Skip to comments.Peanut-free football game Saturday at Northwestern
Posted on 10/15/2013 6:11:53 AM PDT by ConservativeStatement
When the Northwestern Wildcats face off against the Minnesota Golden Gophers at Ryan Field in Evanston on Saturday, something will be missing: peanuts.
Northwestern University is hosting its first peanut-free football game to give fans with allergies a chance to focus on the game instead of worrying about negative reactions to the popular stadium snack, which can range from mild irritation to life-threatening anaphylactic shock.
(Excerpt) Read more at chicagotribune.com ...
It seems to me they have peanut free zones at the Saints games. I know I have seen peanut free zones at school cafeterias.
I don’t think “peanut allergies” were invented until maybe 20 years ago.....
As i was flying into Houston recently, the flight attendant came through the cabin with small packages of snacks, as is their custom.
As she reached the row I was seated in, she dutifully asked the gentleman seated next to me, “Peanuts?”, while offering the snack toward him.
Looking up from his crossword, he replied, “No thanks, I have one.”
There are peanut bans and dopers think they will be able to light up wherever, whenever if it is “legalized”.
My son is allergic to peanuts. The first time he ate peanut butter his face broke out in hives and swelled up. His allergy is bad but not nearly as bad as some have it. What I worry about at games is not so much people eating peanuts around him but the shells and dust all over the seats and ground. If his allergy were more severe I would not bring him to sporting events.
Yes, put those words in quotes and say it was “invented”, sure. So the parents who have lost their children to this allergy are just inventing it? My son’s swollen face was just invented? If you want to claim that there is an overreaction, fine we can debate that, but don’t tell me it is “invented”. Stupid.
I know a couple with a child who has a severe peanut allergy. They request priority boarding on airplanes to get in first and wipe down the seat, in case anyone sitting in the seat prior was eating peanuts. The child also has a host of of other allergies, including diary and gluten as well, so they are super-vigilent about visiting other children’s homes, birthday parties, etc.... Parents carry an epipen at all times. I was around recently when the child had to be taken to the emergency room because she mistakenly ingested some dairy.
Interestingly, their view is that they would never request or expect to inconvenience anyone, especially an entire football stadium, for what is their family’s problem. They have developed a strict protocol of knowledge of their surroundings and food, and they manage to it. Others around them also are quite understanding - certainly when they visit, I make sure all peanuts are out of the house.
Removing peanuts because maybe 1 in 10,000 may have an allergic reaction. Maybe 1 in a million might die.
Good to know.
And beer? Which kills tens of thousands every year? I’m sure there’s not a drop of beer in the whole stadium.
I don’t disagree with your reasoning when it comes to sports stadiums. Things like school classrooms, however, are a different story. It is very easy, and hardly an inconvenience at all, for a classroom to either be peanut free or to segregate a peanut free zone when there is an allergic child.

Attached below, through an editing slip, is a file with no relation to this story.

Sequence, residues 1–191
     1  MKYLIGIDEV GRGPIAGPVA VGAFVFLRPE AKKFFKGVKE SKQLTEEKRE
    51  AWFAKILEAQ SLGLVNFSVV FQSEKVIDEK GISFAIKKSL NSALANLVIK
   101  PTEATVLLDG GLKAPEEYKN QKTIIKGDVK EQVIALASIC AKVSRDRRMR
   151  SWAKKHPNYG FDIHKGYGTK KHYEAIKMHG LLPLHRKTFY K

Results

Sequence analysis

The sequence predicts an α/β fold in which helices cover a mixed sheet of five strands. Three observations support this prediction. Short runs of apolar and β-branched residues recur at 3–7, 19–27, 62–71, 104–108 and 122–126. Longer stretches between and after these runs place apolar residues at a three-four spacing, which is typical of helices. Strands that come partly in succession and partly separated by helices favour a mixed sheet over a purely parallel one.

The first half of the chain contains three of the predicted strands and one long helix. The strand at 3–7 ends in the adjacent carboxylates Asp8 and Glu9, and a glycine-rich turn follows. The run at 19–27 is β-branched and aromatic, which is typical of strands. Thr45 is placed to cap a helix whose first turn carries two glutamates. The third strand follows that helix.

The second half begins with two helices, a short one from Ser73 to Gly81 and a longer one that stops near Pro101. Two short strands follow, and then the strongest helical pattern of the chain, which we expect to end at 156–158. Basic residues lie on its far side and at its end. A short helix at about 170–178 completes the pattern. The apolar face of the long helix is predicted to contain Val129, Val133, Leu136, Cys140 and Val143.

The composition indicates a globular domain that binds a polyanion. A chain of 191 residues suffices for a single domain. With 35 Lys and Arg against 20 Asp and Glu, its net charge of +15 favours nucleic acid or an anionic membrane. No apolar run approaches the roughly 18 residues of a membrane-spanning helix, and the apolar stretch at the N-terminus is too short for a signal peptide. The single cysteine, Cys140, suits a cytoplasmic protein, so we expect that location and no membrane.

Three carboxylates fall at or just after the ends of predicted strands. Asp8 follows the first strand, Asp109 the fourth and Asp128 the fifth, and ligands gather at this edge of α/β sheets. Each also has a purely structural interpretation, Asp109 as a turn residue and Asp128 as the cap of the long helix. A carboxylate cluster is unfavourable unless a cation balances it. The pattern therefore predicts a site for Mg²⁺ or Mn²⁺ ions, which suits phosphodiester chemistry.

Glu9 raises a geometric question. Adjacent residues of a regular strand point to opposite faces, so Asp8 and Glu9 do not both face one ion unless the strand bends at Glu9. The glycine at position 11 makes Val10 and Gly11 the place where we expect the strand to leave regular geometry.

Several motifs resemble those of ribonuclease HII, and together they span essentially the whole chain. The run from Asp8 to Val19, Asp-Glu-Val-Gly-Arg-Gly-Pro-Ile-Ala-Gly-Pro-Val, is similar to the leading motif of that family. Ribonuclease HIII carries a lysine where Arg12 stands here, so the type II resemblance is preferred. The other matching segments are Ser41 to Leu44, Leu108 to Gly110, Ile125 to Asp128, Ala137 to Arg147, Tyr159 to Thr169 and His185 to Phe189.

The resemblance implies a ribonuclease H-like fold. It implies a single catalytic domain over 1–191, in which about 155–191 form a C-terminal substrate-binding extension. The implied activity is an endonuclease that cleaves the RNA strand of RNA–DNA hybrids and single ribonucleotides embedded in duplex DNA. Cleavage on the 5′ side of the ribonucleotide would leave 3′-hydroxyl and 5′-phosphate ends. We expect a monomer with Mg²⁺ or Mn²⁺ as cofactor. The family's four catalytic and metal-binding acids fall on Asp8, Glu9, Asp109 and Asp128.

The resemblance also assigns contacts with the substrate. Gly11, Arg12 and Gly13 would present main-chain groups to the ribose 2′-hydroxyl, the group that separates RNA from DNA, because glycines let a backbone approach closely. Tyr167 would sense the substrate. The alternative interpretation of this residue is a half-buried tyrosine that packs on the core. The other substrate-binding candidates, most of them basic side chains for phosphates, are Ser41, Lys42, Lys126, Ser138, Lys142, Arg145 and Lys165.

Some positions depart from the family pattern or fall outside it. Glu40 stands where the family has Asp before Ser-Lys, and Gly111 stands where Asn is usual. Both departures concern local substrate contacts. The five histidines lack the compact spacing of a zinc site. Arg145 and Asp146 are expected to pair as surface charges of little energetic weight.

That is our family’s view as well. I hate even raising the issue unless I see a clear threat. Most of the others I know with allergic kids are the same way. This is why it is so frustrating when people say that parents are “just making it up” or “looking for attention” ... usually it is the exact opposite.
I am allergic to beer, a sip would swell my throat shut, but it doesn’t bother me if everyone in the stadium is drinking it. I’m fine with peanuts.
Actually, if I see an obese person who needs space, I do accommodate them. It is called decency and manners, and it is not much of an inconvenience to me.
Next they’ll be touting ‘penis free’ games.
That said, I think the point being made about "inventing" is that in the past (20 years ago?) food allergies were much more rare. When I was growing up none of my friends had a food allergy; pbj sandwiches were everywhere and no one cared. It was not too long ago that peanut packs were actually tossed around on SW Air flights. That is all gone now. Every gathering of children will likely have several with severe food allergies. I saw this imy son's scout troop, in our church, and in every school class or gathering my children were in.
What is the cause? No one seems to know. I think there may be a link to the cumulative effects of industrial food.
All this is to say that while those of us who do not have children with food allergies need to be aware of the danger to children who do, parents of the affected kids also need to be aware that this is a new situation that has come out of no where. Not to judge you, but I have experienced parents trying to get their kids into a church run day care and presenting a long list of demands that would be expensive and burdensome on everyone to implement. I felt we were being set up for a lawsuit.
Statistically speaking, the vast majority of parents who claim their children have peanut allergies are making it up.
But no worries, I’m sure your special snowflake is different.
Not so sure. When little Billy brings some peanuts from home to eat with his lunch and he gets suspended for bringing a banned substance - we will have yet another example of PC going too far and intruding into our lives.